'Too much telly at age two makes for unhealthy teenagers'

By The Newsroom
Monday, 19 February, 2018, 08:32

Couch potato tots who watch too much telly are more likely to be junk food addicts by the time they are teenagers, warns new research.

The risk of bad eating habits at the age of 13 rose eight per cent - for every hourly increase in viewing they sat glued to the screen when they were two, according to the study.

They consumed more chips, burgers, white bread, snacks, desserts and fizzy drinks than those whose screen time was restricted as toddlers.

They were also prone to skipping breakfast and doing less well at school.

Professor Linda Pagani, of Montreal University's School of Psychoeducation, said: "This study tells us over-indulgent lifestyle habits begin in early childhood and seem to persist throughout the life course.

"An effortless existence creates health risks. For our society that means a bigger health care burden associated with obesity and lack of cardiovascular fitness."

Breakfast TV

Early TV viewing also reduced eating of breakfast on school days by ten per cent - and led to more overall screen time by adolescence.

Each hour predicted a ten per cent increase in BMI (body mass index) and less effort in the first year of secondary school - ultimately affecting performance and ambition.

Recent research has suggested Britain is raising a generation of gogglebox addicts - with under fives spending almost seven hours a day watching TV.

Parents have been blamed for using the screen as a babysitter to keep the kids quiet while they get on with chores or grab some 'me time'.

The study published in Preventive Medicine, graduate student Isabelle Simonato followed nearly 2,000 Canadian boys and girls born betweeen spring 1997 and 1998 from when they were five months.

After their second birthday parents reported on their daily TV viewing habits.

Then, at 13, the youngsters themselves were asked about their diets and behaviour in school.

TVOD

Prof Pagani said: "Not much is known about how excessive screen exposure in early childhood relates to lifestyle choices in adolescence.

"This birth cohort is ideal because the children were born before smartphones and tablets - and before any paediatric viewing guidelines were publicised for parents to follow.

"They were raising their children with TV and seeing it as harmless.

"This makes our study very naturalistic with no outside guidelines or interference - a huge advantage."

The adolescents who watched more TV as toddlers ate more chips, processed meats and cold cuts, white bread, salty or sweet snacks and desserts.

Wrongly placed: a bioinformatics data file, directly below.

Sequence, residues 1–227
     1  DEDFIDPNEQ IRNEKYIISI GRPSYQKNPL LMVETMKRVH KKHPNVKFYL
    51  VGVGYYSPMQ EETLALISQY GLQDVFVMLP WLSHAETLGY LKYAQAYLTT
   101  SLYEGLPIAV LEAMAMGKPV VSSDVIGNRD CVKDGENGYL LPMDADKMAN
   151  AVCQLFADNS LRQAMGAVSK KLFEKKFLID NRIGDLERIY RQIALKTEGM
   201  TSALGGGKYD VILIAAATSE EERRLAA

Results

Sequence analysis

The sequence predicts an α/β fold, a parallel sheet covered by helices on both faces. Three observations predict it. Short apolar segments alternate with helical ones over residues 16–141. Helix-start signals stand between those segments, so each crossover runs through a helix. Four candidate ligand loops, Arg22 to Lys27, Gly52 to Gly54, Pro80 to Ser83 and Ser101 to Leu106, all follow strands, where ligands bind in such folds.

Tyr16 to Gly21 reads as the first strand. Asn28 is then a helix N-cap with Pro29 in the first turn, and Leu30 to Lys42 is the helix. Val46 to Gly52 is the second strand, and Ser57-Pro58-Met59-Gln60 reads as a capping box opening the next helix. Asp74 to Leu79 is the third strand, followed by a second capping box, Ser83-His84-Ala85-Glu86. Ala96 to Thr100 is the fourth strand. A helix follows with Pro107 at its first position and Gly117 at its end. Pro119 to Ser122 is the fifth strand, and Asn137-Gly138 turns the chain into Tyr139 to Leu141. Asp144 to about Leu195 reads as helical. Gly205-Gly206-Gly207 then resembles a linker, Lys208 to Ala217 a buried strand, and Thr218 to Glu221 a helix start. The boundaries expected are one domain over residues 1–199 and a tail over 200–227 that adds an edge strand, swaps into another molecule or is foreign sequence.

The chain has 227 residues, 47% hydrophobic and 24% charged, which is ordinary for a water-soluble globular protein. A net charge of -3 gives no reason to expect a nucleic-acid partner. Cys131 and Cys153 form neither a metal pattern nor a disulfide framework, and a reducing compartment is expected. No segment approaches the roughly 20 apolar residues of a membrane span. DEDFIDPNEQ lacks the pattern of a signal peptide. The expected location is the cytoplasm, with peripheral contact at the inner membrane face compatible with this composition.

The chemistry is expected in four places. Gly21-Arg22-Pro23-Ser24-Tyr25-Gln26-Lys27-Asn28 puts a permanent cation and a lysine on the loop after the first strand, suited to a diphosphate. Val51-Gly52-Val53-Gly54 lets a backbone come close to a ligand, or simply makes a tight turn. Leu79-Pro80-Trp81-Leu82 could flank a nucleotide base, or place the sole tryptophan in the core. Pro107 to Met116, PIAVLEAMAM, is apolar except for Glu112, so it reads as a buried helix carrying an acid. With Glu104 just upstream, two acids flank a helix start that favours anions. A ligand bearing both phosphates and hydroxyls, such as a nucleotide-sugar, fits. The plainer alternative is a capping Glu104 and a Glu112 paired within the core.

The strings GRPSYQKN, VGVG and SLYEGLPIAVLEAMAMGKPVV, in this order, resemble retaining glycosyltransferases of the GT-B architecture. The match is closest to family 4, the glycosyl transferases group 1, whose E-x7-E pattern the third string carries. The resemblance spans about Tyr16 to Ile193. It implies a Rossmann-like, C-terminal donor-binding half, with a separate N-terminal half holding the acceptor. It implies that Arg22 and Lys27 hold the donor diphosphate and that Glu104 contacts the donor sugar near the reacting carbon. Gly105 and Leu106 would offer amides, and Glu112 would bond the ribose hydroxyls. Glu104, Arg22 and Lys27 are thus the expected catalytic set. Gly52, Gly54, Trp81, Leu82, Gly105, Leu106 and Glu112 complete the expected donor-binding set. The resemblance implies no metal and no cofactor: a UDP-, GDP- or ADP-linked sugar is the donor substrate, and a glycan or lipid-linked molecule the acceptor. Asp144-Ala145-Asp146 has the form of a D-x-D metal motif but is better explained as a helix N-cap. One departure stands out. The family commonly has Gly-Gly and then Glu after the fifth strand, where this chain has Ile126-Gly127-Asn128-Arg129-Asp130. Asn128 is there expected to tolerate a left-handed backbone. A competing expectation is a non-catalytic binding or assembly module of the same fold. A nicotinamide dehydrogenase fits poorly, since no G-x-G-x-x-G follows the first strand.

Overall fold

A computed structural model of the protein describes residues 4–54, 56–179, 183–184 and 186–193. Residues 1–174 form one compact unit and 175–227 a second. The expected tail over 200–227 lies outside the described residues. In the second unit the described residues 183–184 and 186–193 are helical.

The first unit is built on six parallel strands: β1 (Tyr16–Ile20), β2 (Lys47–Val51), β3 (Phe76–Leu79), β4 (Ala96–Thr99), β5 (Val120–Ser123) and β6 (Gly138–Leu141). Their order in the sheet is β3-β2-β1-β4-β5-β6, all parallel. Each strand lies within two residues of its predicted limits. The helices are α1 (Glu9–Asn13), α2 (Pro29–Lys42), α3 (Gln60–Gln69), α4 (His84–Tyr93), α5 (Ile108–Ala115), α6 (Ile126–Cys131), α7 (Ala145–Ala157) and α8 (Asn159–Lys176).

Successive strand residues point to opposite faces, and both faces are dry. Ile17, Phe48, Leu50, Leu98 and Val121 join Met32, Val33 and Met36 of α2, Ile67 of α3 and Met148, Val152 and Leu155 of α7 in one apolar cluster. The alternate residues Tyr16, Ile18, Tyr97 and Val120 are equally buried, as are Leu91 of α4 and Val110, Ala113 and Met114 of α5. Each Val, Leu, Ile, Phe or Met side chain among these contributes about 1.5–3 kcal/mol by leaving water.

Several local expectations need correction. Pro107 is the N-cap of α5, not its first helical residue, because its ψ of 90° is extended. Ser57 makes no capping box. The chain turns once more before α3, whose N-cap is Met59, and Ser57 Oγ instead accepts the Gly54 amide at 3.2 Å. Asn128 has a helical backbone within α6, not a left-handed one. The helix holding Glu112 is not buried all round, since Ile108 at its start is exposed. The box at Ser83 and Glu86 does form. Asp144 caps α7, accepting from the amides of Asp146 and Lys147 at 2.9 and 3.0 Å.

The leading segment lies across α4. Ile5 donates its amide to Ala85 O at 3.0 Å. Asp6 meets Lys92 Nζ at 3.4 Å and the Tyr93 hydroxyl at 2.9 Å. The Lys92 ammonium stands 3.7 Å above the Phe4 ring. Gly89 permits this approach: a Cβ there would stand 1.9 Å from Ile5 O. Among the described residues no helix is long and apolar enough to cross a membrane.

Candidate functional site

They also guzzled more regular and diet soft drinks, fruit-flavoured beverages and sports and energy drinks.

Co-author Ms Simonato said: "Watching TV is mentally and physically sedentary behaviour because it does not require sustained effort.

"We hypothesised when toddlers watch too much TV it encourages them to be sedentary and if they learn to prefer effortless leisure activities at a very young age they likely won't think much of non-leisure ones - like school - when they're older."

Switch-off

The researchers also measured their results against revised screen time guidelines by the American Academy of Paediatrics, which reduced the amount of daily viewing from two to one hour-a-day for children between two and five.

Compared to those who viewed less than one hour a day at two, those who watched one to four a day later had less healthy diets at 13, skipped breakfast on weekdays, had a higher BMI, engaged in more intense screen time and were less engaged as students.

Ms Simonato said: "Because we had a lot of information on each child and family we were able to eliminate other psychological and socio-demographic factors that could have explained the results - which is a really ideal situation.

"We even removed any influence of screen time habits at age 13 to really isolate long-term associations with toddler viewing."

Prof Pagani said: "In pre-school parents use screen time as a reward and as a distraction.

"They establish quiet 'idling' at a teachable moment when children could actually be learning self-control.

"Using distraction as a reward to help children behave in situations where they should be learning self-control sets them on a trajectory where they will seek out distraction when faced with demands for cognitive effort.

Easy entertainment

"Rewarding distraction and low mental effort via entertainment will later influence a young person's commitment to school and perseverance in their studies.

"So we believe the AAP guidelines of not more than one hour of TV viewing for young children is correct - to ensure healthy developmental trajectories in adolescence."

In October 2015 a survey of 2,000 mums and dads in the UK found more than three quarters did not limit or monitor the amount of time their pre-school kids spent watching TV.

And they revealed Netflix and cartoons were the youngsters' must-see channels with the average daily viewing time six hours and 48 minutes.

Eight-in-ten used the TV to buy some peace and quiet at home and six in ten used it as a distraction so they could get on with housework.

Almost half said it was a soothing influence if their child had a tantrum and a third used it as a sleep aid.

Only one in five gave their child a toy to play with as a way of keeping them occupied.